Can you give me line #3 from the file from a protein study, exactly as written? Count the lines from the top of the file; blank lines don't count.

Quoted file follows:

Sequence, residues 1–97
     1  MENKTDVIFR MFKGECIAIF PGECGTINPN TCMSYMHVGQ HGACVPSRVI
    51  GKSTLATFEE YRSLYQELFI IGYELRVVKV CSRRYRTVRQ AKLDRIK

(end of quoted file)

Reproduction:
    51  GKSTLATFEE YRSLYQELFI IGYELRVVKV CSRRYRTVRQ AKLDRIK